painting given to. Peck by sir John Meres of Kirkby-Belers in Leicestershire. But Peck himself knew that he was imposing upon the publick. For having asked Vertue whether he thought it a picture of Milton, and Vertue peremptorily answering in the negative, Peck replied, “ I'll have a scraping from it, however ; and let posterity settle the difference.' Besides, in this picture the left hand is on a book, lettered Paradise Lost. But Peck supposes the age about twenty-five, when Milton had never thought of that poem or subject. Peck mentions a head done by Milton himself on board : but it does not appear to be authenticated.

“ The Richardsons, and next the Tonsons, [before Mr. Baker,] had the admirable crayon-drawing above mentioned. About the .year 1725, Vertue carried this drawing, with other reputed engravings and paintings of Milton, to Milton's favourite daughter Deborah, a very sensible woman, who died the wife of Abraham Clark a weaver in Spitalfields, in 1727, aged 76. He contrived to have them brought into the room as if by accident, while he was conversing with her. At seeing the drawing, taking no notice of the rest, she suddenly cried out in great surprise, O Lord, that is the picture of my father ! How came you by it?' And, stroking down the hair of her forehead, added, Just so my father wore his hair.' She was very like Milton. Compare Richardson, Explan. Notes, p. xxxvi. This head, by Faithorne, was etched by Richardson the father about 1734, with the addition of a laurel-crown to help the propriety of the motto. It is before the Explanatory Notes on the Paradise Lost, by the Richardsons, Lond. 1734. 8vo. The busts prefixed to Milton's Prose-Works by Birch 1738, and by Baron 1753, are engraved by Vertue from a bad drawing made by J. Richardson, after an original cast in plaster about fifty. Of this cast Mr. Hollis gave a drawing by Cipriani to Speaker Onslow in 1759. It was executed, perhaps, on the publication of the Defensio, by one Pierce an artist of some note, the same who did the marble bust of sir Christopher Wren in the Bodleian library, or by Abraham Simon. Mr. Hollis bought it of Vertue. It has been remodeļled in wax by Gosset. Richardson the father also etched this bust for The Poems and

person and habits of life, may be gathered. And that he might not be charged with boasting of his own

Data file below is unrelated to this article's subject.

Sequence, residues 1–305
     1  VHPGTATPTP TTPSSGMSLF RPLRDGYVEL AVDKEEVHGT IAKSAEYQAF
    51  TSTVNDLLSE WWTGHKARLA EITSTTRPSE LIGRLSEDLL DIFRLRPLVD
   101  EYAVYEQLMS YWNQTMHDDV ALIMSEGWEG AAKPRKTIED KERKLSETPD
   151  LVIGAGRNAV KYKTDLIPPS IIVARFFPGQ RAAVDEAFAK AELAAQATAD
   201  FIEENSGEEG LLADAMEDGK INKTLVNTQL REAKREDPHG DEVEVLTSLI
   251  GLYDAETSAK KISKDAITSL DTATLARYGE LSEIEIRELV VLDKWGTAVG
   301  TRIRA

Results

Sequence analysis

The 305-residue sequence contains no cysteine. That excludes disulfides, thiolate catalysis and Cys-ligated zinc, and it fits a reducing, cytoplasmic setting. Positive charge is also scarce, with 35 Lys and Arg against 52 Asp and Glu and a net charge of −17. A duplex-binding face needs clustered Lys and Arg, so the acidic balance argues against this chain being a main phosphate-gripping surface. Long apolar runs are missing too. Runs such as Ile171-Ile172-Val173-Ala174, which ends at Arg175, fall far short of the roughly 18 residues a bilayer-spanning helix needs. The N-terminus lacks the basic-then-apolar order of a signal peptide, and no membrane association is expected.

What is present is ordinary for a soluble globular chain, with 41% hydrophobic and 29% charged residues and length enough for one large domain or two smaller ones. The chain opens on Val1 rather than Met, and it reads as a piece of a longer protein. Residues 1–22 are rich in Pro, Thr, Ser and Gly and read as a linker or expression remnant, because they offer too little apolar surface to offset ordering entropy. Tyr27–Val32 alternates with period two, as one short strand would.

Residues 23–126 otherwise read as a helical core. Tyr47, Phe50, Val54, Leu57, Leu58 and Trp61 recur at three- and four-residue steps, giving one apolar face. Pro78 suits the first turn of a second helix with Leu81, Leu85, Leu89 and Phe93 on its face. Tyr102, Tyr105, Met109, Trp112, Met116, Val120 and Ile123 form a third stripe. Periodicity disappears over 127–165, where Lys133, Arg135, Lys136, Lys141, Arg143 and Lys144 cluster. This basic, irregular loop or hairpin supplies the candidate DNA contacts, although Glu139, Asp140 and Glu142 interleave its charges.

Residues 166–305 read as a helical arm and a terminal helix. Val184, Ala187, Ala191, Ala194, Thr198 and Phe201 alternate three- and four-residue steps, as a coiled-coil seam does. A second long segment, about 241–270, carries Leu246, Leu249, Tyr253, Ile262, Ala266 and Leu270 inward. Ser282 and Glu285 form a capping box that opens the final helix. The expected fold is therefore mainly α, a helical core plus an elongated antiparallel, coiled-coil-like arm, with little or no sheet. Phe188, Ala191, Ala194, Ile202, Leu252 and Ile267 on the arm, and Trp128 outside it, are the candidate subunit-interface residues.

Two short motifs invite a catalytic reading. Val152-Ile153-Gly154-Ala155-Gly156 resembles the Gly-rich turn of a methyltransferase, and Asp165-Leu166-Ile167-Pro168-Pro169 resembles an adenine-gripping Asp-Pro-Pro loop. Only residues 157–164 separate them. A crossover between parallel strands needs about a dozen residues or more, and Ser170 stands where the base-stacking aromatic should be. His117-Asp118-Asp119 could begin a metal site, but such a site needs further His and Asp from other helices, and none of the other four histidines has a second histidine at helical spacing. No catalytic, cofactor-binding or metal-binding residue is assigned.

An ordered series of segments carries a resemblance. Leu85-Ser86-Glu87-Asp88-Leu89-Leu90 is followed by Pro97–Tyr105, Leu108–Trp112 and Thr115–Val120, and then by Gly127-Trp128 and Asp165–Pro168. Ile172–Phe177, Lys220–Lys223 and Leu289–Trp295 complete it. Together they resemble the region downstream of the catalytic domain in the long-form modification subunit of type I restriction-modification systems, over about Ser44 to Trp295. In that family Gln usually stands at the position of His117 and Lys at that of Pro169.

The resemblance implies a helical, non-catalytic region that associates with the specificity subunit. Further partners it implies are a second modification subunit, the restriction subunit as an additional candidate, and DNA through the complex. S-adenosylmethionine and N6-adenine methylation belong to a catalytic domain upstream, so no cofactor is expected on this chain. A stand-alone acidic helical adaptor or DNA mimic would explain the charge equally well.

Critical Essays of S. Say, 1745, 4to. But, I believe, this is the same etching that I have mentioned above, to have been made by old Richardson, 1734, and which was now lent to Say's editor, 1745, for Say's Essays.

“ There is, however, another etching of Milton, by Richardson, the younger, before he was blind, and when much younger than 'fifty, accompanied with six bombast verses. · Authentick Homer,' &c. The verses are subscribed. J. R. jun.' The drawings, as well as engravings of Milton by Cipriani, are many. There is a drawing of our author by Deacon: it is taken from a proofimpression on wax of a seal by Thomas Simon, Cromwell's chief mint-master, first in the hands of Mr. Yeo, afterwards of Mr. Hollis. This, a profile, has been lately engraved by Ryland. Mr. Hollis had a small steel puncheon of Milton's head, a full front, for a seal or ring, by the same T. Simon, who did many more of Milton's party in the same way. The medal of Milton struck by Tanner, for auditor Benson, is after the old plasterbust, and Faithorne's crayon-piece, chiefly the latter. So is the marble bust in the Abbey, by Rysbrack, 1737. Scheemaker's marble bust, for Dr. Mead, and bought at his sale by Mr. Duncombe, was professedly and exactly copied from the plaster-bust. Faithorne’s is the most common representation of Milton's head. Either that, or the Onslow picture, are the heads in Bentley's, and Tickell's, and Newton's editions. All by Vertue. Milton's daughter Deborah above mentioned, the daughter of his first wife, and his amanuensis, told Vertue, that“ her father was of a fair complexion, a little red in his cheeks, and light brown lank hair.” Letter to Mr. Christian, ut supr. MS. Br. Mus.

“Since these imperfect and hasty notices were thrown together, sir Joshua Reynolds has purchased a picture of Milton for one hundred guineas. It was brought to sir Joshua, 1784, by one Mr. Hunt, a printseller and picture-dealer, who bought it of a broker; but the broker does not know the person of whom he had it. The portrait is dressed in black, with a band; and the painter's mark and date are · S. C. 1653.' This is written on the back. " This picture belonged to Deborah Milton, who